The Power of the Scribble
It was the last day of pre-school before the summer break. My son was smiling at the thought of whiling away time for two long months, and my joy matched his. Until a pile of stapled worksheets was placed in my hands, the top sheet labelled “HOLIDAY HOMEWORK.” My grin faded.
Sixty sheets of A4-sized paper for a 2-and-a-half-year-old – more pages than months he’s been alive. Each split into two columns: the left side for the child to complete by following the completed example on the right. From top to bottom, I saw a scarlet apple with a green leaf, a blue boat on a blue sea, a green frog on a green leaf, and a yellow sun on a blue sky.
Very real, very boring and very neat – all examples were coloured in without a single stray line.
“Karake dekhiye (Try getting him to do the work),” my son’s teacher told me, as I stared at her in disbelief. Her frustration at having to deal with a singularly homework-unenthusiastic parent was palpable. Possibly for good reason: I threw the lot in our re-use-for-grocery-lists pile of paper as soon as we were home.
It’s not holiday homework as a concept that I abhor, as much as it is the kind of homework educators tend to assign children; had the teacher handed me a list of suggested activities like scribbling or shape-drawing, say, creating alphabet trains or even just recognizing and copying art in the child’s own way, I would’ve happily tried out at least some of them with my son, because as a parent and preschool educator myself, I understand the value of pre-writing.
Pre-writing refers to all the things that a toddler/child has to learn and practice, in order to eventually form written letters and words and sentences. Writing is a function of fluency, you see, exactly like the ability to speak a language or swim or ride a bike; practice is paramount. Actually riding a bike is a really good metaphor: Just as it would be very difficult to ride a cycle if you couldn’t first pedal or balance, there are a great many things toddlers have to get right, before they can write.
These things are pre-writing skills. In a 2015 article on the development of handwriting skills, the author, an early childhood education expert, describes how, for children to write, they need to have upper-body and finger-hand strength, be able to reach across the middle of the body, learn how to grasp a pencil correctly, develop hand-eye coordination, be able to coordinate the two sides of their body to perform a single task, and have many other physical and perceptual abilities. These might not sound that difficult, but they actually require a great deal of brain power. Phew.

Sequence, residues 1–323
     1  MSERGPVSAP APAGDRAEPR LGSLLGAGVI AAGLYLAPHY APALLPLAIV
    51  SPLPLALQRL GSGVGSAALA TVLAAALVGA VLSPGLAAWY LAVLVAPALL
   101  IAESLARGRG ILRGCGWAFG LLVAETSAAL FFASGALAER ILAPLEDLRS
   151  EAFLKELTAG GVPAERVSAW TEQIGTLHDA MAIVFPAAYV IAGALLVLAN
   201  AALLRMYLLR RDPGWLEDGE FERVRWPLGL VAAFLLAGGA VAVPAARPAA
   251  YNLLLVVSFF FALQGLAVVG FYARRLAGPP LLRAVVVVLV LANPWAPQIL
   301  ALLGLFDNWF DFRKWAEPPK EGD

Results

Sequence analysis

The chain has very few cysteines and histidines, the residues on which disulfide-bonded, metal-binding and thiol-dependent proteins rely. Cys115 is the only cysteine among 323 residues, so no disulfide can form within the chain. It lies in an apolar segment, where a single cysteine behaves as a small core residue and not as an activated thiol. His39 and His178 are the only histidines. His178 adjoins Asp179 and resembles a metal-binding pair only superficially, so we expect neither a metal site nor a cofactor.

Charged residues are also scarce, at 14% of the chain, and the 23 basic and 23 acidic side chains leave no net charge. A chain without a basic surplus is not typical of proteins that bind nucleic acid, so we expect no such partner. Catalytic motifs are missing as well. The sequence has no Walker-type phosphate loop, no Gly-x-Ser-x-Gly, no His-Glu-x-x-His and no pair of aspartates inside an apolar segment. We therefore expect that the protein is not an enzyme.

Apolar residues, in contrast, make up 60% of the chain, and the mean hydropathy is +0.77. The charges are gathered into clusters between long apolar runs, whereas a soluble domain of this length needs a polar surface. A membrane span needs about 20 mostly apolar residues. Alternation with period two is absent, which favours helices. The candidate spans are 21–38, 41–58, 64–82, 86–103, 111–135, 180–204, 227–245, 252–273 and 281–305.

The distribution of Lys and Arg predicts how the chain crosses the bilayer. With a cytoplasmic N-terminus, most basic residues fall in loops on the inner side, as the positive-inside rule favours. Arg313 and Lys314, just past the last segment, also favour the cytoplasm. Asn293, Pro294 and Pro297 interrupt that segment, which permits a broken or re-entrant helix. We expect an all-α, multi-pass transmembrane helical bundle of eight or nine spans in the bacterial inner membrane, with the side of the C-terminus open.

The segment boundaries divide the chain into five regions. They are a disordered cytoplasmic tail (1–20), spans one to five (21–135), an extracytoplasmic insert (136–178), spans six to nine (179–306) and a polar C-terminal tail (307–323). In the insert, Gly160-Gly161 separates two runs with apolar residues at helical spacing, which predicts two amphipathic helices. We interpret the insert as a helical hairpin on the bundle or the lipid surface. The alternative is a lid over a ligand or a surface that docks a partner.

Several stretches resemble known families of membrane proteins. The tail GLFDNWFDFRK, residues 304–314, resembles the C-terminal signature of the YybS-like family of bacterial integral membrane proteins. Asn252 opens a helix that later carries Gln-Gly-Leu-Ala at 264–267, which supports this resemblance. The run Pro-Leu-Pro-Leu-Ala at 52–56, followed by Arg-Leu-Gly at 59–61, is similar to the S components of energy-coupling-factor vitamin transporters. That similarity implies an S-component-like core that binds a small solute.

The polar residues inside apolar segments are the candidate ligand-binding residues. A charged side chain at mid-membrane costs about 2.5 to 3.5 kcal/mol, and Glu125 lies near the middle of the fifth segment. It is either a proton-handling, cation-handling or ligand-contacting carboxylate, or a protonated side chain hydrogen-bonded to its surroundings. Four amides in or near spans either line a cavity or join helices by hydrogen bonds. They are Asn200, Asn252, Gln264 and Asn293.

Many experts suggest the best way to develop this brain power and these skills is for children to simply put pen to paper – but not (and here is why I threw out the HOLIDAY HOMEWORK) between the lines.
So instead, on any given day, my house is flooded with scraps of paper featuring my son’s doodles – his Bees and their B’s, his curved moons and half-moons and full-moons and moons with his grandmother sitting inside them. He is happy to scribble, and I am happy to let him, knowing he is developing the skills he needs to write later on.
But it’s not been easy to get everyone on board with what, to my half-Bengali family, comes across as a very lackadaisical approach to an important skill. My Bengali side (as might be expected) places great value on reading and writing. And balancing this cultural tradition isn’t quite as simple as tossing homework into the bin.
One of the more interesting rituals Bengalis have for young children is what is called the Haathe Khuri celebration, when little (ostensibly school-ready) children are introduced to formal writing. During the ceremony, while the priest chants a mantra, the child for whom the ceremony is being held has to typically put pen to a lined notebook.
When my mother discovered that my son had started drawing and doodling, she promptly announced that the ceremony had to be held, so he could properly learn to write. It was already too late, she grumbled, he can draw a complete circle already.
But I balked. To my mind, there was little difference between the Haathe Khuri ceremony and those summer worksheets. Both old and new traditions were trying to achieve the same thing: Get the toddler to write formally as quickly as possible, regardless of whether he had the pre-writing skills to do so.
I didn’t want to skip this important step for my son. I wanted him to scribble as long as possible, building the ability to write within the lines with every stray streak. All of those pre-writing skills above? Scribbling helps develop them. (Yes, even if it’s all over the walls.) I felt like my mother and my son’s teachers wanted to skip a step. Why couldn’t HOLIDAY HOMEWORK or the Haathe Khuri be a scribble?
Well, it was. Ultimately we did the Haathe Khuri – and summer worksheets, too. But the apple was purple, the frog, pink, and none of it was inside the lines. As for the first writing, my son made a wild, beautiful scribble on a blank sheet of paper. Meaningless to some, but not to me, and not to boy he’ll grow to be.